Today [December 20] I took in some of the “inclusive” exclusivity of the refashioned playground of Manhattan, walking the length, almost twice, of the High Line, a 1.45-mile-long park built on a former elevated rail line on NYC’s lower west side. This park is both completely delightful, with all sorts of little fanciful details utilizing the old train tracks and providing the feel of public space, and completely diabolical, in that it’s part and parcel of the present-day mechanisms of capitalist enclosure.
The High Line should be an example of what people and cities are capable of in terms of social goodness for all. Instead, it supplies panoramic views on all sides of what soon begins to feel like an open-air museum of the most avant-garde architectural feats in housing for the ultra-wealthy. The park also serves as a “backyard” for these exclusive, enormous apartments, which appear to be plucked from the pages of the latest in high-end interior design magazines, and are characterized by an abundance of large windows facing directly on to the High Line. Park police nonchalantly saunter along the High Line, mingling with the other strollers, ensuring that the vantage point from the surrounding homes only includes those who look and act the part of this nongated-gated neighborhood.
The park seems to work overtime at convincing all those who come for a visit that it offers refuge from the crassness of business, big-city stress, and inequality. “Indigenous” plants reminiscent of vacant lots grow up, as if organically, through the made-to-look-vacant rail lines. Perhaps one can play at hobo, freed from urban life and all responsibility? No wait, at one turn of a corner, there is a large expanse of plate-glass window embedded in the train tracks and a mini amphitheater next to it, so one can relax and spectate on the metropolitan spectacle that one is also a willing participant in. The landscaping asks us to imagine that we can all slip into mirth and playfulness, all feel edgy and youthful again. Wooden platforms on rusty wheels, for instance, are transformed into lounge chairs that can be gleefully pushed along the former train tracks; kids, couples, and family can snuggle close on these rustic seats to take selfies on cell phones or show off their hippest fashion, while gazing across the park’s railing to the upscale restaurants and boutiques on the street below. Some “street artists” are sprinkled liberally in another area of the park, under “gritty” metal beams, selling faux-DIY things like squatter-esque T-shirts or photos of graffiti — permitted impermissibility — even as “street art” that looks more like circus-tent decor can be found (& photographed!) in little pockets of this linear park, conveniently stretching from one trendy shopping district to another.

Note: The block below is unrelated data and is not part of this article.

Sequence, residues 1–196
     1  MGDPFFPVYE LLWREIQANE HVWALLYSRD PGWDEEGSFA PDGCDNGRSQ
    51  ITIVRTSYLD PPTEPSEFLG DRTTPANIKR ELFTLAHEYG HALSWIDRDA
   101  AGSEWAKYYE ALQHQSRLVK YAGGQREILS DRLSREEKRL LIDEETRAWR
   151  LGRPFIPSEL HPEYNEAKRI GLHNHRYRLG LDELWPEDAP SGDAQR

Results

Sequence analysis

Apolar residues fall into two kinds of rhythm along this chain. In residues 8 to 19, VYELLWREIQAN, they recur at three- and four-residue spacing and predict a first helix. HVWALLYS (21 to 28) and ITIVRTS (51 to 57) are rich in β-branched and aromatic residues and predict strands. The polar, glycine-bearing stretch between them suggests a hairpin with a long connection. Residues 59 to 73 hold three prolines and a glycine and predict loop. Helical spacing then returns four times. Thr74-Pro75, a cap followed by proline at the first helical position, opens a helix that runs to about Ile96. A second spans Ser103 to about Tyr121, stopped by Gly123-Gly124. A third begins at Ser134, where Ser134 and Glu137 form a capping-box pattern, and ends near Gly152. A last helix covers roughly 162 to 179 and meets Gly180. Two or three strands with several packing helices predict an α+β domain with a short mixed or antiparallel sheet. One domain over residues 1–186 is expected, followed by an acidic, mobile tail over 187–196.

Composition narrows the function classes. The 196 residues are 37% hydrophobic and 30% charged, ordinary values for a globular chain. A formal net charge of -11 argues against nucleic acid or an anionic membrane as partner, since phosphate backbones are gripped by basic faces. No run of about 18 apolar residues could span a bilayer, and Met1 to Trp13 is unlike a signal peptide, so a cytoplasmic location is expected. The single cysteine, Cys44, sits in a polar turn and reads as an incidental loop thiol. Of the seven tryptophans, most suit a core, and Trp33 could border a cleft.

And yet, the pale-calm palette of plants quietly lining either side of the High Line coupled with the gentle embrace of the slight twists and turns as well as little private-moment retreat areas as you meander along this park are, despite one’s best intentions, well designed to gracefully mesmerize you into enjoyment (submission?).
Capitalism never ceases to amaze in its dynamism. It always has new tricks up its sleeves to further mask its exploitation and social control/shaping. At this moment in history, thanks to capitalism’s magic, one can thoroughly enjoy a warm-winter’s-day walk on this nonpublic park’s promenade and almost pretend that it’s making this city more livable, even as it’s a complicit, intentional component in the systemic infrastructural transformation of New York into, as Huffington Post described it in an article today, the “embod[iment of] the growing divide between rich and poor.”
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If you’ve run across this blog post as a reposting somewhere, you can find other blog-musings and more polished essays at Outside the Circle, cbmilstein.wordpress.com. Share, enjoy, and repost — as long as it’s free as in “free beer” and “freedom.”
(Photo by Cindy Milstein, Brooklyn, December 2013)